MGM Resorts International was ordered Thursday to pay damages of $325,000 by the U.S. Department of Labor’s Occupational Safety and Health Administration and to immediately reinstate a whistle-blower who worked at the company’s Signature at MGM Grand condominiums.
In a brief statement, the casino operator said it viewed “this preliminary finding as fundamentally wrong on the facts and the law of this matter. We intend to pursue avenues for further review.”
According to a statement from OSHA, the casino operator violated the whistle-blower provisions of the Sarbanes-Oxley Act. OSHA said the former employee of The Signature — who was not named — was fired in retaliation for disclosing that co-workers were allegedly violating Securities and Exchange Commission rules and regulations by engaging in “forecasting,” which involves the providing of information to a potential buyer as to the expected revenue and occupancy rates of condominiums. The employee was also fired for saying there was pressure from others to engage in forecasting.
An OSHA spokeswoman said the allegations took place in 2007 and 2008. The U.S. Department of Labor does not release names of employees involved in whistle-blower complaints.
Under SEC rules, if a condominium unit is offered for sale with an emphasis on forecasting the economic benefits to the buyer from the rental of the unit by the seller, it is deemed a “security,” and can only be offered by someone who is a security broker licensed to offer such a security.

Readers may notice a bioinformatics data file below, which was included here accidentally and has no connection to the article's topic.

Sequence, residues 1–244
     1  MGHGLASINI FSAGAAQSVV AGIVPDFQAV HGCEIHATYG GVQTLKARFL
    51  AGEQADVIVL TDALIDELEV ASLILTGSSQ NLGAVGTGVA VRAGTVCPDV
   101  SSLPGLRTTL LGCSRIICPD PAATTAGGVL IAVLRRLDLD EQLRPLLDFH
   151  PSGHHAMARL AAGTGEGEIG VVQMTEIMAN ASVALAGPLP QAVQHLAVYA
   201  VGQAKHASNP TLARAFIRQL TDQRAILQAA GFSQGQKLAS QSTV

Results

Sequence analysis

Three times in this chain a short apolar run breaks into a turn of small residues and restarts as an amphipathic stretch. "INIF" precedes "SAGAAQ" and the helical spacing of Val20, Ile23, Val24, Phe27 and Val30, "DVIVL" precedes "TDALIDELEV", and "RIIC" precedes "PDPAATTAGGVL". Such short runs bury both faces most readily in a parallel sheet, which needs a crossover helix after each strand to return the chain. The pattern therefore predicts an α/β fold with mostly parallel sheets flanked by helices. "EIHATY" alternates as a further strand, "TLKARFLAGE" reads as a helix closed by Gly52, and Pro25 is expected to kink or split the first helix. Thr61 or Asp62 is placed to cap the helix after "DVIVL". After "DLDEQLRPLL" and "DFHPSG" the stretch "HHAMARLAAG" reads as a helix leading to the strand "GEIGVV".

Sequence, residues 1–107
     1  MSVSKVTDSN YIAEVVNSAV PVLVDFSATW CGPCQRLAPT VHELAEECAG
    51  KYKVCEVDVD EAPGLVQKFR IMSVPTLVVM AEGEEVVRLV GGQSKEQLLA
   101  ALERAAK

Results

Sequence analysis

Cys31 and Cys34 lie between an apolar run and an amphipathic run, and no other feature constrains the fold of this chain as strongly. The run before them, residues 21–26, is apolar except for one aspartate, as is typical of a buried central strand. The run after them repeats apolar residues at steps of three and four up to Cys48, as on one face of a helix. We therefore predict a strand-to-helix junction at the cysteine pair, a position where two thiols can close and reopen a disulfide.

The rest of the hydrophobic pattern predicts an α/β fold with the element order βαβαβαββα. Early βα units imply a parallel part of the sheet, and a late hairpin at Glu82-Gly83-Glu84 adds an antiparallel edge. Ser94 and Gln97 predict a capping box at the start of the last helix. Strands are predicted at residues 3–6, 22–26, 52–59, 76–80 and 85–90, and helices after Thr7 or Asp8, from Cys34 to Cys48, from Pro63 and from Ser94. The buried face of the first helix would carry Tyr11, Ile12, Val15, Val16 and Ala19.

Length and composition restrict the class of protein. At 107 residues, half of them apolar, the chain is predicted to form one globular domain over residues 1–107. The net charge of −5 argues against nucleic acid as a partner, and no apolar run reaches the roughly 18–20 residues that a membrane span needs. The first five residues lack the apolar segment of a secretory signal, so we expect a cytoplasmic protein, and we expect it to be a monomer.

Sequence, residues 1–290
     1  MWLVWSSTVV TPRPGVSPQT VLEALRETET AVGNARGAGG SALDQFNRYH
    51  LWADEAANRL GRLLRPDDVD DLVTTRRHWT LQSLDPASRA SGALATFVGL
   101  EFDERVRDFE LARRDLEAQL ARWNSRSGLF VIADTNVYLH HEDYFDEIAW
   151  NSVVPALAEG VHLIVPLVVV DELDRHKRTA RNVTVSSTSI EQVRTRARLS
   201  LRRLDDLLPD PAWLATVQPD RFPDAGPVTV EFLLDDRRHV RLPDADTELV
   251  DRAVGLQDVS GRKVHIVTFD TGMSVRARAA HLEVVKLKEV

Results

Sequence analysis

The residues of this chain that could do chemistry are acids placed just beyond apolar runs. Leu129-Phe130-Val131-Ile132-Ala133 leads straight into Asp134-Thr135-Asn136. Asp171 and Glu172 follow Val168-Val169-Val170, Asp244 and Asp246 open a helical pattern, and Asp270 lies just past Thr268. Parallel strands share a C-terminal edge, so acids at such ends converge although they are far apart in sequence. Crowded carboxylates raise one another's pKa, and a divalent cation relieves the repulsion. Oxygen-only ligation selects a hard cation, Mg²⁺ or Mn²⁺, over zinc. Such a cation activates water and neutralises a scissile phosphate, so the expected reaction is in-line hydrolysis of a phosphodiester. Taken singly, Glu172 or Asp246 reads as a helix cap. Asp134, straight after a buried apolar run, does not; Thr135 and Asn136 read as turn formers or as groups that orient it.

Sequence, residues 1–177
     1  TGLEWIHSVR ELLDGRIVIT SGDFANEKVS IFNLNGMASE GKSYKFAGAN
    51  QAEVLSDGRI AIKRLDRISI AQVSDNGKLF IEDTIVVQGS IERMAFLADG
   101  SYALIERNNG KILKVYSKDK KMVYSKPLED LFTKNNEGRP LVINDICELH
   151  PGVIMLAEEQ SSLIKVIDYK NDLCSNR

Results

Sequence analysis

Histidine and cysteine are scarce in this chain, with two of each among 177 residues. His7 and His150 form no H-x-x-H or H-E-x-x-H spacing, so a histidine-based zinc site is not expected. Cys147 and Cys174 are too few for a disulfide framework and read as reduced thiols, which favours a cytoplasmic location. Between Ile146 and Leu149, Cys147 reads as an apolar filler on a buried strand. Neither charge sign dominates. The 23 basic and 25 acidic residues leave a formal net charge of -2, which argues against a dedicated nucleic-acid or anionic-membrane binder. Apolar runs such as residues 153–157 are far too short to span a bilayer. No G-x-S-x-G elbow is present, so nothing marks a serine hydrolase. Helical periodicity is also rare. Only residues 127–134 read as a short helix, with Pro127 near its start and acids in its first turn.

The complainant’s co-workers were not licensed security brokers. OSHA conducted its investigation under the whistle-blower protection provisions of the Sarbanes-Oxley Act.
“This employee tried to ensure the employer was following the law and paid a hefty price for speaking up,” Ken Atha, OSHA’s regional administrator in San Francisco said in a statement. “This order reaffirms both the right of employees to report what they reasonably believe are violations of SEC rules and the department’s pledge to protect that right.”
OSHA ordered MGM Resorts to post a notice informing all employees of Sarbanes-Oxley Act whistle-blower protections, asked that the employer expunge the employee’s personnel records of any references to the unlawful termination. The company is also required to provide the employee a neutral job reference.
The company or the employee can file an appeal with the department’s Office of Administrative Law Judges, but such an appeal does not stay the preliminary reinstatement order.
Contact reporter Howard Stutz at firstname.lastname@example.org or 702-477-3871. Follow @howardstutz on Twitter.